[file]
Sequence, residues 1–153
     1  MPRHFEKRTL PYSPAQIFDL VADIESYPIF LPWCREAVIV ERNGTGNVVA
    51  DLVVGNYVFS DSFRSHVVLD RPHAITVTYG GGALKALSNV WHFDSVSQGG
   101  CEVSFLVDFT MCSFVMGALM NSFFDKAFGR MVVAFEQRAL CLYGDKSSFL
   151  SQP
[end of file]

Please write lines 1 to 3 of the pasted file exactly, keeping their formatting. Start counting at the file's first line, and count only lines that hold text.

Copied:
Sequence, residues 1–153
     1  MPRHFEKRTL PYSPAQIFDL VADIESYPIF LPWCREAVIV ERNGTGNVVA
    51  DLVVGNYVFS DSFRSHVVLD RPHAITVTYG GGALKALSNV WHFDSVSQGG